What is sharenting ?

Do you really know?

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What is sharenting ?

Do you really know?

What is sharenting ?

Sharenting is a portmanteau word, made up of “sharing” and “parenting”. It’s used to refer to parents who share photos and videos of their kids on social media. Harmless, you might think, and the practice is becoming more and more common. However, it’s still an area which requires a level of caution.

It all starts with a Facebook post around the time of the first ultrasound, announcing the pregnancy. In fact, 30% of children already have an online presence before being born. Then come more pictures when the newborn arrives, a video of the first steps or other happy family moments. All this is generally shared on the parents’ private accounts, or even on dedicated accounts created for the children themselves. 90% of kids have an online presence by the age of 2.

It’s true that social media often helps strengthen bonds between loved ones who don’t live together, like long-distance grandparents for example.

However, the dangers of sharenting have become more apparent in the last few years. In 2016, The Atlantic published an article on the subject, raising questions about consent, the right to privacy and parent-child relationships. 

There are direct risks, such as identity fraud, when you share personal information like a child’s name and date of birth online. Posting about family days out could potentially put relatives in danger. Pictures of children undressed could even fall into the hands of pedophile networks.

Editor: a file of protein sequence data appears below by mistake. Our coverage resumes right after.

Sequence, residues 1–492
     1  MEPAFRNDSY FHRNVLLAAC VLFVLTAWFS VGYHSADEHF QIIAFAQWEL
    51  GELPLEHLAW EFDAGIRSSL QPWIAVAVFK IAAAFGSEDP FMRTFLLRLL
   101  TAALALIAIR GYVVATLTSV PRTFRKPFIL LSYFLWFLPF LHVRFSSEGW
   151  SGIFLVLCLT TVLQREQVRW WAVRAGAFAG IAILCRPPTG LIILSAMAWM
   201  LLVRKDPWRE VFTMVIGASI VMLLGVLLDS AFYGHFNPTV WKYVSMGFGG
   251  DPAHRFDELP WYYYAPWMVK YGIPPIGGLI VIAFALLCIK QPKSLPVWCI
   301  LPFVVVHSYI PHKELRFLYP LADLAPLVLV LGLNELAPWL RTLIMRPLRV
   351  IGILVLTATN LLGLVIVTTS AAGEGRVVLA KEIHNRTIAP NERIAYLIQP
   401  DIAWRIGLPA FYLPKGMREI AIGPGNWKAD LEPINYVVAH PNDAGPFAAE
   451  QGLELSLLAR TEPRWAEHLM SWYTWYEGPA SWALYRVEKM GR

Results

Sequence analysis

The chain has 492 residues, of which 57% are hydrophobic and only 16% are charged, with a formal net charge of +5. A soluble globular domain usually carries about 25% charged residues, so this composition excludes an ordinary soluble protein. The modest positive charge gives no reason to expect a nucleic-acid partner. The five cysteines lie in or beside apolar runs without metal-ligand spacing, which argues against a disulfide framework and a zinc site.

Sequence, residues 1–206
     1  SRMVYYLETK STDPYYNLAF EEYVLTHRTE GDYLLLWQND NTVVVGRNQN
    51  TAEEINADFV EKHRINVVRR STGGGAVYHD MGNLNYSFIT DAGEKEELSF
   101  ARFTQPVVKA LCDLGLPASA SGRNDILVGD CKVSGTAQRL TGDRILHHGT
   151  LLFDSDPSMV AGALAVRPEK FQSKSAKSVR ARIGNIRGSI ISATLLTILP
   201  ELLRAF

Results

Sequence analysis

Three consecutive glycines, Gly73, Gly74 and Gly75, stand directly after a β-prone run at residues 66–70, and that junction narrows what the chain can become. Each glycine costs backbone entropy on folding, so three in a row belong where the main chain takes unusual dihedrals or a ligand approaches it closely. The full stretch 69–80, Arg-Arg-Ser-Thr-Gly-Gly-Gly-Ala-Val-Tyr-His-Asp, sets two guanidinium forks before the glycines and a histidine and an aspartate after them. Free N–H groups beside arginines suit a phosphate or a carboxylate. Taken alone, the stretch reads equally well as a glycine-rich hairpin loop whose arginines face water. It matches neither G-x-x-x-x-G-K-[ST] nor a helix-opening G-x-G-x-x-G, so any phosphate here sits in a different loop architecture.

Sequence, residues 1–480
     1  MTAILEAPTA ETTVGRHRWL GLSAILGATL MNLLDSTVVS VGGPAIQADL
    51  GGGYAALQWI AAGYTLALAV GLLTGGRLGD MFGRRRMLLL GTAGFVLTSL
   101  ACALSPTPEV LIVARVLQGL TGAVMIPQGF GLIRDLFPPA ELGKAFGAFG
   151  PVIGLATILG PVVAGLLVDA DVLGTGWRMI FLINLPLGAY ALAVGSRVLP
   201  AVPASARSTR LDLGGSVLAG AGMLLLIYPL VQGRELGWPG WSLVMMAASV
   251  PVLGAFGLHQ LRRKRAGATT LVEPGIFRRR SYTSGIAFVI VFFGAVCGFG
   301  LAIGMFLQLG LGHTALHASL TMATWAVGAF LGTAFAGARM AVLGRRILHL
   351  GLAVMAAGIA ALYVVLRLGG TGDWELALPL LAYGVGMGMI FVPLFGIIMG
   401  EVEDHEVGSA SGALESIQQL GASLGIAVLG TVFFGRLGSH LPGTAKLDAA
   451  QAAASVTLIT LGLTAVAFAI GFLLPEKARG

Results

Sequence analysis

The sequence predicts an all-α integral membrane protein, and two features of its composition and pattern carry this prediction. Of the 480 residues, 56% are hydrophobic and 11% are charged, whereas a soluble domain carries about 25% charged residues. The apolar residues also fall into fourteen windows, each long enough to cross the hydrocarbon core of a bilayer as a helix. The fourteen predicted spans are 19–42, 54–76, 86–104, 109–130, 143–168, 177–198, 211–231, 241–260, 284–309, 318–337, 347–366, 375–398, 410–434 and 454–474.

See acast.com/privacy for privacy and opt-out information.

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What is sharenting ?

Sharenting is a portmanteau word, made up of “sharing” and “parenting”. It’s used to refer to parents who share photos and videos of their kids on social media. Harmless, you might think, and the practice is becoming more and more common. However, it’s still an area which requires a level of caution.

It all starts with a Facebook post around the time of the first ultrasound, announcing the pregnancy. In fact, 30% of children already have an online presence before being born. Then come more pictures when the newborn arrives, a video of the first steps or other happy family moments. All this is generally shared on the parents’ private accounts, or even on dedicated accounts created for the children themselves. 90% of kids have an online presence by the age of 2.

It’s true that social media often helps strengthen bonds between loved ones who don’t live together, like long-distance grandparents for example.

However, the dangers of sharenting have become more apparent in the last few years. In 2016, The Atlantic published an article on the subject, raising questions about consent, the right to privacy and parent-child relationships. 

There are direct risks, such as identity fraud, when you share personal information like a child’s name and date of birth online. Posting about family days out could potentially put relatives in danger. Pictures of children undressed could even fall into the hands of pedophile networks. 

 

See acast.com/privacy for privacy and opt-out information.

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